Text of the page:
When it comes to the value of natural gas, wetter is better.
That, in a nutshell, is why tax values in Alvord ISD are up 25 percent this year and values in Slidell ISD are up a whopping 58 percent.
Wise County Chief Appraiser Mickey Hand released the preliminary numbers over the weekend. Appraisal Review Board hearings will begin next week and likely continue through mid-July.
Cities, school districts, the county and other entities will get final numbers around July 20 – the figures they can use to set their tax rates this fall.
Overall, values in Wise County stand at almost $7.2 billion – a decrease of just under three-quarters of 1 percent. While real estate values were up, mineral values dropped.
“Overall in the county, the minerals are down 9.25 percent,” Hand said. “Part of the reason is that we have some wet gas and some dry gas here.”
Hand explained that “dry” gas, mostly in the eastern and southern areas of the county, is simply worth a lot less than gas with liquids in it – the kind found mostly up through the middle of the county, around Alvord, and in the Slidell area.
“There are some oily liquids in there, and oil’s real valuable right now,” he said. “It makes the numbers look kind of squirrely because of the fact that you’ve got some minerals down some places and some minerals up some places.”
There are about $329 million worth of new minerals on the tax rolls this year – new wells that have come on-line – helping offset the loss in value from the decline in both reserves and prices.
“It could have been worse,” Hand said. “Last year we had about $228 million worth of new wells. So we’ve still got new production coming on-line, but it’s better in the areas where the natural gas liquids are pretty rich.”
The news for most taxing entities was not nearly as good as in the Alvord and Slidell school districts, but most declines were limited to the low single-digits.
City of Decatur values stood at almost $580 million, a decrease of 2.14 percent, and Decatur ISD values were $2.243 billion, down 2.9 percent. Mineral values in DISD were down 11.24 percent.
Bridgeport ISD was up 1.8 percent, Paradise ISD was up 1.7 percent, and the cities of Aurora, Boyd and Paradise all showed small valuation increases.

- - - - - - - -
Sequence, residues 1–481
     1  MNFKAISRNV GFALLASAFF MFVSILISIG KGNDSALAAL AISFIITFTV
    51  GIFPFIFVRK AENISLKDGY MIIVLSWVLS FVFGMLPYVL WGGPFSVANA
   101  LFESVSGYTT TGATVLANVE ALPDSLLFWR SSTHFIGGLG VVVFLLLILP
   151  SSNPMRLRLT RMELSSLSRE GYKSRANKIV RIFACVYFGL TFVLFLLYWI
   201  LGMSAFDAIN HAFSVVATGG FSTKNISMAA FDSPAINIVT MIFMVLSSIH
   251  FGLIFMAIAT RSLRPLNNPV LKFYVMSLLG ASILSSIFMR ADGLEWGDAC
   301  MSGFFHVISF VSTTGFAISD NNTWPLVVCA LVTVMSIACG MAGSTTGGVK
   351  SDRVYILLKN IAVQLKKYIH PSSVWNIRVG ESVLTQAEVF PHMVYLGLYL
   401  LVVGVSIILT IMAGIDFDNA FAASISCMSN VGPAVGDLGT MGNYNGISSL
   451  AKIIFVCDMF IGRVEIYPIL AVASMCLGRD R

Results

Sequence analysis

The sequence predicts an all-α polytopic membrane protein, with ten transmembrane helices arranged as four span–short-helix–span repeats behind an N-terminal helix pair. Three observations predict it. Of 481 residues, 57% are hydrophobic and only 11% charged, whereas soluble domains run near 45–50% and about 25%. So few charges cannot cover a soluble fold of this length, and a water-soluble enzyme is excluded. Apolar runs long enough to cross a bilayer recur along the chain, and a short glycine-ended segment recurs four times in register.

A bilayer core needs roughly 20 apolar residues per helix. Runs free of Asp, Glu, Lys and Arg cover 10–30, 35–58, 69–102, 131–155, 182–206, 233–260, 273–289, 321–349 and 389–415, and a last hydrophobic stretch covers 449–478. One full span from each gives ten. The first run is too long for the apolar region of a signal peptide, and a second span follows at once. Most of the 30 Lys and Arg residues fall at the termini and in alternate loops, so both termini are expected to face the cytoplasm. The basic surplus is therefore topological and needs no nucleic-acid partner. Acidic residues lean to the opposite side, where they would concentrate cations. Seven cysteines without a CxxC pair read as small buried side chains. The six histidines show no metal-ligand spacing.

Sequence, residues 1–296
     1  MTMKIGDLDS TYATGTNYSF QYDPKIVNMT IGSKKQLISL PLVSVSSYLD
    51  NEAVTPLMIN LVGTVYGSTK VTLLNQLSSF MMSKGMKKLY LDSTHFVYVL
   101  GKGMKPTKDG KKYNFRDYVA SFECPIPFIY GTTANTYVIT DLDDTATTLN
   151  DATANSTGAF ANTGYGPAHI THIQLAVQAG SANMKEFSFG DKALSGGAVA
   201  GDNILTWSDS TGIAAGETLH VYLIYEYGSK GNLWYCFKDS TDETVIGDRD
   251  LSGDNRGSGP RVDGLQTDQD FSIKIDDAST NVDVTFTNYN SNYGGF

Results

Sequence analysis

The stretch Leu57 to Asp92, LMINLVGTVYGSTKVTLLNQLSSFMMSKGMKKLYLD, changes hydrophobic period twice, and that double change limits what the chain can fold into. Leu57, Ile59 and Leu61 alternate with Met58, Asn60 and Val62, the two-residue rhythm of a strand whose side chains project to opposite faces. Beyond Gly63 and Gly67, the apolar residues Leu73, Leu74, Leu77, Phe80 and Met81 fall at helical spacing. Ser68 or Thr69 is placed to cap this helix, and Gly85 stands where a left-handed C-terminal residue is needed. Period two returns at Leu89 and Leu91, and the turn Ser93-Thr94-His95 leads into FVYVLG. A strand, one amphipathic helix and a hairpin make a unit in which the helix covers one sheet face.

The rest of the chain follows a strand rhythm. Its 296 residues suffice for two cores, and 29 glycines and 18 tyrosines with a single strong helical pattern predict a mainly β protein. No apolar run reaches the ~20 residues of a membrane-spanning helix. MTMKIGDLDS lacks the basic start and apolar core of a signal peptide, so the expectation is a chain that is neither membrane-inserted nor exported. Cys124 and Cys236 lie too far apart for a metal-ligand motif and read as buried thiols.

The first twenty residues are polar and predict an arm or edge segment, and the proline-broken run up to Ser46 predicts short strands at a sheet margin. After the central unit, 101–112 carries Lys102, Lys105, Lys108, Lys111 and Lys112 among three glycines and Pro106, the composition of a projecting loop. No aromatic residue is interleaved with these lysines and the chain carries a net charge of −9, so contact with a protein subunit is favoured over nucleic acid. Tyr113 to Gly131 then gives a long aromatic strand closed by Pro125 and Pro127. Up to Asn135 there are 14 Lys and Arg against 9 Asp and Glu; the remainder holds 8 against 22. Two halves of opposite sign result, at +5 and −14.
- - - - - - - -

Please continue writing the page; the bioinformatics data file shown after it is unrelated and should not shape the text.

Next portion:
Values in the City of Rhome were down 14.3 percent, with a 30-percent drop in mineral values.
In Alvord ISD, by contrast, the gain in minerals was 64 percent. But real estate (just over 3 percent), business personal property (23 percent) and industrial and utility property (13 percent) were all up, too, en route to a 25 percent overall gain.
In Slidell ISD, real estate was up just 2.6 percent and business personal property was down 16.5 percent, but that was more than offset by an 84.8 percent gain in minerals and a 90 percent gain in industrial and utility.
Bridgeport ISD gained almost 2 percent, but most other cities and school districts lost value.
Hand notes that real estate values for most school districts are up 2 or 3 percent, citing more than $22 million in new construction in Decatur ISD and $70.5 million in the county overall.
“What caused the general trend to be down is the fact that minerals have dropped in some areas,” he said.
And in some areas where the numbers are “off the chart,” he noted that values were very low to begin with.
“If you’ve got a dollar and it goes to $2, that’s 200 percent,” he said.
The Clear Creek Water District is a good example, where business personal property values are up 416 percent.
“They had a total of $13,000 before, and now they’ve got $70,000,” Hand said. “There wasn’t much there to start with.”
While new construction – $7.1 million in the City of Decatur and almost $3.2 million in the City of Bridgeport – has an impact, it is miniscule compared to oil and gas.
“We appraise about 210,000 parcels of property, and out of that, about 150,000 is mineral parcels we contract out,” Hand said. “Mineral [appraisal] is a little more specialized.”
And although most of the county’s taxing entities are subject to the whims of energy values, most would rather have them than do without.
“We’ve got a lot of mineral value,” Hand said. “Minerals are still good here. We just rode that wave where we were having double-digit mineral gains every year for a long time, and now we’ve had some single-digit decreases. It kind of changes the complexion.”
The district is required by law to reappraise every parcel at least every three years.